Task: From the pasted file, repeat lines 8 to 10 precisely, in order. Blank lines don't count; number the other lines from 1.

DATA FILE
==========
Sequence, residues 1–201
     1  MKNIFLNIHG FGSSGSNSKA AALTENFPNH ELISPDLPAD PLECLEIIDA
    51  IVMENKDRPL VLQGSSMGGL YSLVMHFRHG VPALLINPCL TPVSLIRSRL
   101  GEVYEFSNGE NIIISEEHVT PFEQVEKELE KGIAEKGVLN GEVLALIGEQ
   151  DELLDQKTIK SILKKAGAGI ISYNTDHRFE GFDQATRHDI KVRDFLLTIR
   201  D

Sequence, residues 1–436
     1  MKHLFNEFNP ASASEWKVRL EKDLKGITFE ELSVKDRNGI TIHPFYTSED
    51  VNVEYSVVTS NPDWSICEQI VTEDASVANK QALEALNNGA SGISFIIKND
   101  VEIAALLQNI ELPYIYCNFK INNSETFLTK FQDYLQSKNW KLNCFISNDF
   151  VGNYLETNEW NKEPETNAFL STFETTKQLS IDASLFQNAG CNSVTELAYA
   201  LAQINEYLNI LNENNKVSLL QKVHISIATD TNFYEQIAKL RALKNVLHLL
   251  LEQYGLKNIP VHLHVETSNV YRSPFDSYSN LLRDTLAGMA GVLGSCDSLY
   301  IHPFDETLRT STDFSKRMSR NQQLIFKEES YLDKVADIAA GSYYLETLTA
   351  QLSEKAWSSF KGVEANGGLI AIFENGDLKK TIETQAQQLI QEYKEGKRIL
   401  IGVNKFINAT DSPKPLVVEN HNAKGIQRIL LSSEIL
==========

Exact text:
     1  MKHLFNEFNP ASASEWKVRL EKDLKGITFE ELSVKDRNGI TIHPFYTSED
    51  VNVEYSVVTS NPDWSICEQI VTEDASVANK QALEALNNGA SGISFIIKND
   101  VEIAALLQNI ELPYIYCNFK INNSETFLTK FQDYLQSKNW KLNCFISNDF